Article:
Shannon Stacey
It’s FLARE UP release day!

I know a lot of you have been waiting for Grant and Wren’s story, and it’s finally here! Flare Up  is an emotional reunion romance, but it still brings the heat and the humor that readers expect from the Boston Fire series. Early readers and reviewers have really enjoyed Grant and Wren’s road to happily ever after, and I hope you will, too!

“A hugely enjoyable contemporary romance that sizzles with passion, humor, heat and heart, Flare Up is a fantastic tale of second chances, settling old scores and taking a chance on love that readers will find absolutely impossible to put down. Shannon Stacey pens first-rate contemporary romance that grab readers’ attention from the very first page and keep them engrossed until the very last full stop and Flare Up is certainly no exception!” – Bookish Jottings

Nursing a broken heart while everybody around him seems to be drowning in happiness has Grant Cutter wondering whether staying with Engine 59—or even Boston Fire—is in his future. It’s tempting as hell to pack up what fits in his Jeep and hit the road. But then a 911 call brings the woman who shattered his heart back into his life, and he knows he won’t ever be able to fully leave her in his rearview mirror.

For a few months, Wren Everett had thought the nightmare of her past was behind her and she might live happily ever after with Grant. Until she got the phone call letting her know the time her ex had spent in jail for assault hadn’t cooled his temper or determination that she belonged with him. Cutting ties with Grant was the hardest thing she’d ever had to do, but it was also the only way to keep him safe.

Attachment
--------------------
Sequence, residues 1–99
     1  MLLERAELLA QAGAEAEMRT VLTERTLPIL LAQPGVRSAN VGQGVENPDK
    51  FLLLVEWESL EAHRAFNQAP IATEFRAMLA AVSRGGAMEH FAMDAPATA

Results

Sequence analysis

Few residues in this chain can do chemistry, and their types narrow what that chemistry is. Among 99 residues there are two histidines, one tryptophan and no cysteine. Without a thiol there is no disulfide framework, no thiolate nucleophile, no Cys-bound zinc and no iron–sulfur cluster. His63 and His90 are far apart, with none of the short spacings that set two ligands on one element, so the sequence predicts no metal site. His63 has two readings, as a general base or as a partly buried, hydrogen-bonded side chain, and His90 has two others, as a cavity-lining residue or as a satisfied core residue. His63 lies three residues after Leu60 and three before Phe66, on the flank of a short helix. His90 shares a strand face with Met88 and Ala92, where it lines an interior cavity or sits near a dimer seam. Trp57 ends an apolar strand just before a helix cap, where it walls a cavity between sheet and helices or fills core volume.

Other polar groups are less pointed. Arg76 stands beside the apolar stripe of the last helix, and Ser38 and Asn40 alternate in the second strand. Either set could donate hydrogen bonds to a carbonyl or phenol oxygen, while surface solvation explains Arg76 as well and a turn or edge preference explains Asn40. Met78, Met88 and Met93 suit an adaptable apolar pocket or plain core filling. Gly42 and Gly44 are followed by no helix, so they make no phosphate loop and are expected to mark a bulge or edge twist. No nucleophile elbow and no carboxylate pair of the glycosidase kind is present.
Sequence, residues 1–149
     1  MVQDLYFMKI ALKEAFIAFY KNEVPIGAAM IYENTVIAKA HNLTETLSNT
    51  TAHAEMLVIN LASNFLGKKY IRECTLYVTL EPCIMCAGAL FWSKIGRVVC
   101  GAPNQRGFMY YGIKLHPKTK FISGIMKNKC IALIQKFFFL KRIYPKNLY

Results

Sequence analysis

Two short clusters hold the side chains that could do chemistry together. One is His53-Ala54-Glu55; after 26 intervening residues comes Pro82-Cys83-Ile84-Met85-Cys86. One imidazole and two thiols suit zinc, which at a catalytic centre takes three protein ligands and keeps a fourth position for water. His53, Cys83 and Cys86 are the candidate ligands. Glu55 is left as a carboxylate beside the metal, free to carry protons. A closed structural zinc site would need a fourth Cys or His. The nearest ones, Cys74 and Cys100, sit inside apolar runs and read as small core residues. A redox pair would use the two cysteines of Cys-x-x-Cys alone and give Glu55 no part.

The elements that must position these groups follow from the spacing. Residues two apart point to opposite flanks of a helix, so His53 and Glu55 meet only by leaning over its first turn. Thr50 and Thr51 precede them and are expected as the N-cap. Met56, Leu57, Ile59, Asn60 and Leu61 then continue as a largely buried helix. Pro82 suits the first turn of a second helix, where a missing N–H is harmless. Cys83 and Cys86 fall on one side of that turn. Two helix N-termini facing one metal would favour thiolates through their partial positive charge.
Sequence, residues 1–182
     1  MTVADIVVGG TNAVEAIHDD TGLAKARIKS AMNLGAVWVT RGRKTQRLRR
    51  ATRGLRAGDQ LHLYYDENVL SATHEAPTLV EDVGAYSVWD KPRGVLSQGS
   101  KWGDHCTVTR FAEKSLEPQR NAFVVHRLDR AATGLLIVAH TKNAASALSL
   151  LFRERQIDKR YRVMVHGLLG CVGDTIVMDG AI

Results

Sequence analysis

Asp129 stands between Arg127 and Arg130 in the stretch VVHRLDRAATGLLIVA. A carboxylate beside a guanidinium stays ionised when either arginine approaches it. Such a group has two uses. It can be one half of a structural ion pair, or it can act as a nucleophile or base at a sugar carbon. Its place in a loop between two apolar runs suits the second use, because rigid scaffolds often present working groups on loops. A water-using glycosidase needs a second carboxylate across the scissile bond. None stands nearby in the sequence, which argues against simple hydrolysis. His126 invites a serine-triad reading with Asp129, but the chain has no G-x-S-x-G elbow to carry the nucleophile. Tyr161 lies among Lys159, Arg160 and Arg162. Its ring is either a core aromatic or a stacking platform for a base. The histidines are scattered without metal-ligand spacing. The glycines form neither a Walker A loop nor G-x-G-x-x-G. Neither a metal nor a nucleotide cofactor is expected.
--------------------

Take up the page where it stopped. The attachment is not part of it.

Now that Grant is back, he’s not letting Wren push him away again. And even with the trust issues between them, Wren dares to hope she and Grant might have a future together after all…if they’re willing to fight for it.





Google Play:



You can find more buy links and read the first chapter here:

“If you like second chance romances involving a brotherhood of first responders finding love, facing perils and working together to protect each other and their partners you’ll love this story. I really enjoyed reading it and found it to be full of intrigue and suspense to keep you turning the pages.” – Splashes Into Books

“Grant is so nice, thoughtful and romantic.  OMG.  Just perfect husband material. I loved being in the Boston Fire family in this series. It was a good story and a perfect read for these cold winter nights. I highly recommend it.” – Romance Librarian 88

Happy reading!

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Only three more weeks until Boston Fire’s back!

🔥 Only three more weeks until FLARE UP releases! I’m so excited for you guys to read Grant and Wren’s story! 🔥🚒❤️ #BostonFireBks

Read the excerpt and/or preorder here!

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Clock’s ticking on this BOSTON FIRE bargain!

If you’re looking for a #WeekendRead, don’t forget to grab UNDER CONTROL for only 99 cents before the price goes back up! #BostonFireBks

Find excerpt and buy links here!

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Happy 2019, everybody!